Last Sunday, we saw Spurs slump to another loss and the events that followed included Manchester United manager Ole Gunnar Solskjaer making comments on Son’s alleged ‘dive’.
The Norwegian manager claimed that ‘if my son stays down like this for three minutes and gets 10 of his mates around him to help him up then he won’t get any food.’
This, quite obviously, suggested that he felt the South Korean exaggerated the pain he had felt from a flick by Scott McTominay.
This type of incident is now becoming a frequent occurrence in football, with players becoming more ‘streetwise’ such as Harry Kane, who caused controversy this season over his move of backing into a player to win a freekick or penalty.
Diving has obviously caused many talking points amongst the pundits and analysis of the game. Therefore for this article, I will be asking the questions: Just how big an issue is diving in football now? Does it need kicking out? And if so, how would it be stamped out?
The first question I will be investigating the answer to is: how big of an issue is diving in football nowadays?
Well with the introduction of VAR to the modern game, diving and minuscule touches have been made to look worse than they appear to the naked eye, due to the power of slow-motion replays. Video assistant referees now able to unpick any touch that is possibly out of line in the sense of the law.
The increasing use of this technology is frustrating more and more fans, with the latest case being the flick on Son last weekend.
As it aggravates more people, the issue of diving within the sport has been identified as a major concern, so how do we stamp it out of the game after it has been a part of it for the last 20 years or so?
There are multiple theories on just how you would go about irradiating diving and histrionics from the game. One way would be just to firm up on a rule already made, which is the bookings for simulations.
We see it far too often that a player goes down without a trace of contact and gets up and back on with the game, even though there is a rule to prevent this exact situation.
Therefore, the referees could be encouraged to penalise dives or ‘simulations’ as its more formally referred to by organisations such as the FA.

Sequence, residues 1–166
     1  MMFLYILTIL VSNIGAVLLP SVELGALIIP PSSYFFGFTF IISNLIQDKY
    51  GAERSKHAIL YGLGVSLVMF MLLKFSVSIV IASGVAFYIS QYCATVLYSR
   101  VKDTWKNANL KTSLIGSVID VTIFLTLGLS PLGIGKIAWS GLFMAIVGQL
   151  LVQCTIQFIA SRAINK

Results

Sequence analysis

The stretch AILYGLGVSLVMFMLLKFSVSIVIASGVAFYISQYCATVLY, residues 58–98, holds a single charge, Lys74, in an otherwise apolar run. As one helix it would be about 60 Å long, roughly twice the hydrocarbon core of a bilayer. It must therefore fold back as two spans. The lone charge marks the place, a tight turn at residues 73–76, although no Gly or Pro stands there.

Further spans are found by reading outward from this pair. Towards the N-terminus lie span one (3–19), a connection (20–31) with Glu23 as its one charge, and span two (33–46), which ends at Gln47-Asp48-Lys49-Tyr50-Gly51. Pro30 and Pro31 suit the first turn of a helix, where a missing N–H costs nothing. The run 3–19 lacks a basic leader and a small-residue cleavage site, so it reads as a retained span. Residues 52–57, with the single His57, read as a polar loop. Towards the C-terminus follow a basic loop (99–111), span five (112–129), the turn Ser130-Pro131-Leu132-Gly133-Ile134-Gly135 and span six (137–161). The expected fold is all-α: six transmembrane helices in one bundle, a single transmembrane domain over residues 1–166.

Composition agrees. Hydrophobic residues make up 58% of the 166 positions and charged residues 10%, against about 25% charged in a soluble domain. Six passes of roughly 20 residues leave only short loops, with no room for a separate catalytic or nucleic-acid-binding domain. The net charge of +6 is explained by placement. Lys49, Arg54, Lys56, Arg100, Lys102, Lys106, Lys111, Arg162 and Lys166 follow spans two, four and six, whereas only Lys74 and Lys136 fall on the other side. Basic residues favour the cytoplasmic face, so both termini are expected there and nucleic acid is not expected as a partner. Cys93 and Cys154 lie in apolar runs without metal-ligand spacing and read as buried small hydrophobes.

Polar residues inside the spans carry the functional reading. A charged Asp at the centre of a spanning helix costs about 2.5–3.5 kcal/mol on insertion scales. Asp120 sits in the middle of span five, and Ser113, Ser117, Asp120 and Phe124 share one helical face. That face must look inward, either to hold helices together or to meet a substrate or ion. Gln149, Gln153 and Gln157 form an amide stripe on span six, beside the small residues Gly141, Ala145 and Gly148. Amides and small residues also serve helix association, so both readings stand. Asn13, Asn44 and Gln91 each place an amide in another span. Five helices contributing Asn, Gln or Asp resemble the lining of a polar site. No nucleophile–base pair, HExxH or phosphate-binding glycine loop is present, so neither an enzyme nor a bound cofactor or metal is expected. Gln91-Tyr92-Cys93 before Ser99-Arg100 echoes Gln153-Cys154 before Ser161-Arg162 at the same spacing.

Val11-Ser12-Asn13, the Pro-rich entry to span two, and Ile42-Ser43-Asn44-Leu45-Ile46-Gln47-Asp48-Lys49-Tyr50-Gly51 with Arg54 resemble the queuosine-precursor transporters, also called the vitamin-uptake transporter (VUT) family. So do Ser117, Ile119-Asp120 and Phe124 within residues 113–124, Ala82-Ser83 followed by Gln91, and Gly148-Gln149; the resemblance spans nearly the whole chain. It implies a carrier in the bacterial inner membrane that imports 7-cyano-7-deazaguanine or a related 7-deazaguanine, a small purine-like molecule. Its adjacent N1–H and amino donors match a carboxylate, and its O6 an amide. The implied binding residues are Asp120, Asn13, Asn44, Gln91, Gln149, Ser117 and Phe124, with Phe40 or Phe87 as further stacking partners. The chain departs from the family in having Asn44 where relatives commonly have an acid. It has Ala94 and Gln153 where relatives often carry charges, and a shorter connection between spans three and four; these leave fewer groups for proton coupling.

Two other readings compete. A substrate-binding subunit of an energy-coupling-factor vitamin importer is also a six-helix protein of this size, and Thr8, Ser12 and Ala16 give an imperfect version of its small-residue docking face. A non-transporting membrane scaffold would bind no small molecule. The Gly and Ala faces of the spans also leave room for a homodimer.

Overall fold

Alongside the rule of collecting five yellow cards resulting in a match ban, the yellow cards given out for this type of foul would therefore hold some weight.
Another way to stamp out diving would be to introduce something that is proven to work within other sports, a sin bin. A sin bin is often used in sports such as ice hockey, and to good effect.
With the introduction of a sin bin to football this could see vital players being forced out of the game for a few minutes because of their histrionics.
This could be seen as a harsh treating of a small foul but if the governing bodies were truly serious about wiping these sorts of actions out of the game, then the introduction of a sin bin would certainly be a strong deterrent. With the use of VAR alongside this it could help determine whether a player should enter the sin bin or not.
In conclusion, would these methods ever come into fruition and will the FA and the Premier League even take a step forward towards stamping this out?
Looking for a realist’s point of view, no. All of these controversies and headlines are almost a positive thing for the league as they come with publicity without damaging the integrity of the league too much.
However, if the governing bodies of football did decide to take a stand in order to be seen as a leader in taking action, then the tightening of the simulation law could be a likely step forward as it would require no major rule changes while delivering a big impact.
On the other hand, adding something such as a sin bin could be an addition that would take years to materialise, but is something that could eventually happen.
For example, look at VAR, it was discussed for years after its success within rugby and was eventually added, which gives me reason to believe that something such as a sin bin could follow suit in the future.
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